Biomechanics is the scientific study of the mechanics of living structures, or of non-living structures such as silk or nacre that are produced by organisms.

Latest Research and Reviews

News and Comment

  • Comments and Opinion |

    The young discipline of sports science is finding ways to stretch the boundaries of human biology.

    • Tim Hornyak
    Nature 549, S1–S3
  • News and Views |

    Across land, air and water, larger animals are generally faster, but only up to a certain point. A new study provides a unifying explanation for why this might be so.

    • Christofer J. Clemente
    •  & Peter J. Bishop
  • News and Views |

    Hair-like sensors are suspected to aid fish navigation in complex environments. Laboratory experiments and computational simulations reveal how these sensors can detect water flow to direct the swimming responses of fish. See Letter p.445

    • John O. Dabiri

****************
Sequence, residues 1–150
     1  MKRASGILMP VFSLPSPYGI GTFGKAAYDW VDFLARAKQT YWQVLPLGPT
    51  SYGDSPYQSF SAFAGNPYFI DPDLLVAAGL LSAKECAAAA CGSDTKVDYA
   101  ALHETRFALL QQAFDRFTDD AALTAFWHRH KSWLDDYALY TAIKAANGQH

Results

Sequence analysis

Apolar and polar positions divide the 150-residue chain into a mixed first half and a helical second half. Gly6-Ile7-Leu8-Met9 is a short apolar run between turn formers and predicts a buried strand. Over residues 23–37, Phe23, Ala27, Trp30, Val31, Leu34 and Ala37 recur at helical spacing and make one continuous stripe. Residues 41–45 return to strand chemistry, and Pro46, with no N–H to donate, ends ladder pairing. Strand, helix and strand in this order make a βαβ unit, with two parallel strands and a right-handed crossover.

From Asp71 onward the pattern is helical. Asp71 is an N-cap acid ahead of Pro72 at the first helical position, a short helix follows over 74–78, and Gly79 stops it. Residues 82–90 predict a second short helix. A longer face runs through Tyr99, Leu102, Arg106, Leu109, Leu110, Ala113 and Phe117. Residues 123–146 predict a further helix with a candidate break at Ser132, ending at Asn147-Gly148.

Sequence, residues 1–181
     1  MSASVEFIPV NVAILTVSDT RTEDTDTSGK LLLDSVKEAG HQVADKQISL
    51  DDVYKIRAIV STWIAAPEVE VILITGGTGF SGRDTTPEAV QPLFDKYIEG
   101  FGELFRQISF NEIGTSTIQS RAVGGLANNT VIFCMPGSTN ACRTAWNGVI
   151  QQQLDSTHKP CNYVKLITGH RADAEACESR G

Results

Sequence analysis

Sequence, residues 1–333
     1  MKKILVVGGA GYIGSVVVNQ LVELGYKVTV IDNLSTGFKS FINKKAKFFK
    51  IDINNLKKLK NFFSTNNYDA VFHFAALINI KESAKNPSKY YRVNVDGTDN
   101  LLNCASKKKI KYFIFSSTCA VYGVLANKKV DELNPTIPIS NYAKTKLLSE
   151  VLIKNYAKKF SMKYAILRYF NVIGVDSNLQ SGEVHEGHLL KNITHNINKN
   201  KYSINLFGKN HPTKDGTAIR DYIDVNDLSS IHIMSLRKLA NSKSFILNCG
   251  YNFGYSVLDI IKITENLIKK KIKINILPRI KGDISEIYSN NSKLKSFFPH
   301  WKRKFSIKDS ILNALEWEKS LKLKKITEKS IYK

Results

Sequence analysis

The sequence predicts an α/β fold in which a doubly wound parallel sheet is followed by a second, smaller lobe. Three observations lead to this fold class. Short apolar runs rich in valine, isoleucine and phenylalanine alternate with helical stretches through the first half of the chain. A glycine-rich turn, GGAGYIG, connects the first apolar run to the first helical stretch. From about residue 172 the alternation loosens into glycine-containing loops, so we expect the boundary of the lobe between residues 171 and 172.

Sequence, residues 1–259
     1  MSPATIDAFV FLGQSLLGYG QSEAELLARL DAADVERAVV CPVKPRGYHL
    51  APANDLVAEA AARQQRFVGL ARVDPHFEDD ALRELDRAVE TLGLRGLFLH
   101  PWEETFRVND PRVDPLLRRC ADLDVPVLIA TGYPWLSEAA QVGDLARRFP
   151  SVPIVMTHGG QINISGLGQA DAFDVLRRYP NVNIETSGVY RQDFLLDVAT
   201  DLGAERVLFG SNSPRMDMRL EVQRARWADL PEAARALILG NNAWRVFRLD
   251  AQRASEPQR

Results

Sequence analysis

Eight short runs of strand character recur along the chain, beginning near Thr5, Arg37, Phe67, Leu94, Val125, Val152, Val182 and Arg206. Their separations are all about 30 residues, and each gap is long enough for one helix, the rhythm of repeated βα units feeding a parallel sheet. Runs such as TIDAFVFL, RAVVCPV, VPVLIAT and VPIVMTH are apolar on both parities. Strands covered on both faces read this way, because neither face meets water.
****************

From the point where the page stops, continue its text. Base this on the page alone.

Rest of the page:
Nature 547, 406–407
  • News and Views |

    Mosquitoes flap their long, thin wings four times faster than similarly sized insects. Imaging and computational analysis of mosquito flight illuminates some aerodynamic mechanisms not seen before in animal flight. See Letter p.92

    • Laura A. Miller
    Nature 544, 40–41
  • News and Views |

    Many organ surfaces are covered by a protective epithelial-cell layer. It emerges that such layers are maintained by cell stretching that triggers cell division mediated by the force-sensitive ion-channel protein Piezo1. See Letter p.118

    • Carl-Philipp Heisenberg
    Nature 543, 43–44